Charles Dickens’s holiday tales
As the holidays approach, many will celebrate this year by reading or viewing one of the numerous film or stage adaptations of Charles Dickens’s A Christmas Carol. While this tale has become a well-loved classic, Dickens’s other Christmas books are relatively unknown today.
Dickens published these holiday tales in the 1840’s — a decade often referred to as the “Hungry Forties,” which was a particularly difficult time in the British Isles. Poor harvests, high prices, and other economic troubles fostered poverty and social unrest. Dickens’s Christmas books, though wrapped in the trappings of holiday sentimentality, were meant to carry messages about the plight of the working classes and the oppressed.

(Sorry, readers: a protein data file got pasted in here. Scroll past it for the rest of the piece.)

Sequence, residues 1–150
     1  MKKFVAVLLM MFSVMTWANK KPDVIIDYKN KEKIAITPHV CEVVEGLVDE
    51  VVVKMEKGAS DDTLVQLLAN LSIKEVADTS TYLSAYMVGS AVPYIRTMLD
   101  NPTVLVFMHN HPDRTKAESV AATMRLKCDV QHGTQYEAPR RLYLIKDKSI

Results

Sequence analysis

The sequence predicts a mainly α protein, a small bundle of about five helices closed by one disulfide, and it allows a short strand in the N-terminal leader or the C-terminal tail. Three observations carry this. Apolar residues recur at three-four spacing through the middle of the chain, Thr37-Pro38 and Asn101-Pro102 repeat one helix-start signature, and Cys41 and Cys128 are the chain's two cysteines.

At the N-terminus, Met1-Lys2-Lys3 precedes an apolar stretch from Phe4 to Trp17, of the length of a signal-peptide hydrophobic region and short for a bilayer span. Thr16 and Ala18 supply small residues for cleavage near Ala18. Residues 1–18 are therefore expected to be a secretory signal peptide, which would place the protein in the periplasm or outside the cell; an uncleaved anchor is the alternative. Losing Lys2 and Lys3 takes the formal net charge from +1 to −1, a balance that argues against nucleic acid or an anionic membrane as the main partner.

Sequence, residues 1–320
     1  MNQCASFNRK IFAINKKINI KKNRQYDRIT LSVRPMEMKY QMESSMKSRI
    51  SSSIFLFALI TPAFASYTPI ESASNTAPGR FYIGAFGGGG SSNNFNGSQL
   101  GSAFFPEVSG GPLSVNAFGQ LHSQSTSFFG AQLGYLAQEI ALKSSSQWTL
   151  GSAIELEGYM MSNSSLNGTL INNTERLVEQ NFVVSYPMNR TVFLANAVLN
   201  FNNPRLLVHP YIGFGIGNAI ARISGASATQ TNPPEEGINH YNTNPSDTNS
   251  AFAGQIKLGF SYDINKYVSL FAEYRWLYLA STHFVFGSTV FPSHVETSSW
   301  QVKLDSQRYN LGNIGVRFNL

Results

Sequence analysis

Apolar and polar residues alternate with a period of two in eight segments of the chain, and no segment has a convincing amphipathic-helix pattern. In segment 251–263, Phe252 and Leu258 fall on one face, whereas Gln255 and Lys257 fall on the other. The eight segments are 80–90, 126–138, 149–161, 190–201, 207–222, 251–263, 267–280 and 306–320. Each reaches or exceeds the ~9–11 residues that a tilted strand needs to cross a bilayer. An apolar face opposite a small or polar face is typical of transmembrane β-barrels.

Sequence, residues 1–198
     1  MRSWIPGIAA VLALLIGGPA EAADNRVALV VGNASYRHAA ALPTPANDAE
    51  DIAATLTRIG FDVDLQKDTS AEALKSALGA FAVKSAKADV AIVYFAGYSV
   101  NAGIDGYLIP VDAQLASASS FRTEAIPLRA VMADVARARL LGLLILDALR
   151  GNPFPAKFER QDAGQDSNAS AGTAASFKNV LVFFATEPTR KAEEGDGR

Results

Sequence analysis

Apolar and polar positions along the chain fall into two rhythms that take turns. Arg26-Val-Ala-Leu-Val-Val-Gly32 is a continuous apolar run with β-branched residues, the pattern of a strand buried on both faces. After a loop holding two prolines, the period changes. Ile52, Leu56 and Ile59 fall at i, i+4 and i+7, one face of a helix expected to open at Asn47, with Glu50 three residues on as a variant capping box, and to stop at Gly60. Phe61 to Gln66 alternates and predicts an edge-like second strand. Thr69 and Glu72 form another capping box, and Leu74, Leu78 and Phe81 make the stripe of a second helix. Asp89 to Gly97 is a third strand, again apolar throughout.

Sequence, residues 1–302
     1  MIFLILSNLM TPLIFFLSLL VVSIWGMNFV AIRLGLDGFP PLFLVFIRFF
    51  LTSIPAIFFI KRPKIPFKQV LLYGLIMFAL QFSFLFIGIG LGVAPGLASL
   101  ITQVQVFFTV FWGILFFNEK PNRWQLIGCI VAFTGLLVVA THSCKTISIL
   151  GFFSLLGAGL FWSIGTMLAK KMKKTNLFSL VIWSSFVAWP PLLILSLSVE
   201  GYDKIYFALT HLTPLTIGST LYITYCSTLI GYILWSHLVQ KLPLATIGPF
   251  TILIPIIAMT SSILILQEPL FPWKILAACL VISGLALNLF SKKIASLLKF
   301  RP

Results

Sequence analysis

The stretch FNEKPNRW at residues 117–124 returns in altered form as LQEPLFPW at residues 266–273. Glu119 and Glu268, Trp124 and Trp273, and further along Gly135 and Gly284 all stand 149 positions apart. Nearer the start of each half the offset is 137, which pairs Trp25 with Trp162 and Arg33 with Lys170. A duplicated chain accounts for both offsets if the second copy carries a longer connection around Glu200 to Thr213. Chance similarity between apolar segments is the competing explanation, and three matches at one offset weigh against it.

Dickens issued five Christmas books, beginning with A Christmas Carol. All were bestsellers, though not all of them were well-received by contemporary critics. Following A Christmas Carol (first published December 17, 1843) were The Chimes (December 16, 1844), The Cricket on the Hearth (December 20, 1845), The Battle of Life (December 19, 1846), and The Haunted Man (December 19, 1848). Special Collections has first editions of all five of the Christmas books, including copies signed by Dickens.